Now, genetic changes, broadly speaking, fall into one of three categories:

Disadvantageous: These are genetic changes that may be so severe that they cause death in the womb or in infancy, or have a major impact in early life. These typically are weeded out within a generation, as the person concerned usually does not reproduce. (There are exceptions to this, an interesting example being Huntington's disease, which can be passed on because it often strikes after standard reproductive age.)

Neutral: These are changes that have a minor effect on an organism, but don’t alter its ability to survive or reproduce. An example might be eye or hair colour, or the pattern of veins (as opposed to arteries) in the body, which is as unique to a person as their fingerprint. Or perhaps the ability to appreciate the taste of coriander.

Advantageous: A good example of beneficial genetic changes might be the sudden ability to see in colour, or to oppose one’s thumbs and so make precise tools or develop writing, or to be able to taste rancid foods and therefore be warned when something has gone off. These changes offer an immediate benefit, whether in terms of survival or reproduction.
But what does all this have to do with the articles above? The simple fact is that the genetic change, whether disadvantageous, neutral or advantageous comes first, followed by the effect of on the individual and its potential for an evolutionary change.

The genetic change is an ‘accident’ that we have to deal with, or use for our betterment and to take advantage of a situation. In other words, the changes in the gene or genes that resulted in new proteins that gave us opposable thumbs came first. Then we discovered that we could oppose our thumbs, which we then found was helpful in making tools or, later on, writings.

The mistake the articles make is in imagining that the changes occurred the way around: that someone was sitting around thinking it would be handy to be able to write a letter, or that it would be useful if women stopped reproducing at some point so they could help look after their grandchildren. Then somehow the body ‘felt’ that need, and altered its genes to produce the necessary proteins in their children to allowed them to perform that task.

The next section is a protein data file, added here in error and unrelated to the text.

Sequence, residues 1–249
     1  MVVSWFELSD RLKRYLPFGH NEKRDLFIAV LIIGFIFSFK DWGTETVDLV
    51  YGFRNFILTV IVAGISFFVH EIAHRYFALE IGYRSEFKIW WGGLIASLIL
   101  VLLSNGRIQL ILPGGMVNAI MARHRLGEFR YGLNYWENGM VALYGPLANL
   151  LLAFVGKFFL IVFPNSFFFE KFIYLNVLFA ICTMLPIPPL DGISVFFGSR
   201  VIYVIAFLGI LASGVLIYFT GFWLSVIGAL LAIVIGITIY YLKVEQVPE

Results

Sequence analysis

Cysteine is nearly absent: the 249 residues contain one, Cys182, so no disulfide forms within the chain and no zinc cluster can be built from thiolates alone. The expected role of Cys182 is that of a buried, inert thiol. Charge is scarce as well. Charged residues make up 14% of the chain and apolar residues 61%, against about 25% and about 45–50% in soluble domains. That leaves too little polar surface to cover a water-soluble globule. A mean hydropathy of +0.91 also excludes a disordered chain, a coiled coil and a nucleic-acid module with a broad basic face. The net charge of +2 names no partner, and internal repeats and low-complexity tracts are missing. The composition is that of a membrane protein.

It is as about as wrong headed as you can get.

While epigenetic changes may occur as a result of environmental pressures, the truth is that genetic changes occur all the time, and the environment drives us to keep or reject them, depending on how useful or otherwise they are.

To give you an example, this process will have to be relied upon, for example, if bees in the UK are to survive the hunting tactics of the invader Asian hornet, or wild birds are going to survive the spread of Avian flu. In the first case they might develop novel behaviours or changes in body colour or taste that put the Asian hornets off, while a sudden genetic change in a bird might give it resistance to Avian flu over and above that achievable by their current immune systems.

Sadly, we humans are unlikely to evolve any further. We have the sometimes questionable ability to mould our environment to our needs, rather than the other way around. We can identify a need and will an object into existence that can satisfy that need.

Although whether we really ‘need’ home foot spas or electrically powered racing cars is the subject of another debate.
© L.A. Davenport 2017-2024.

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Evolutionary Misunderstanding | Pushing the Wave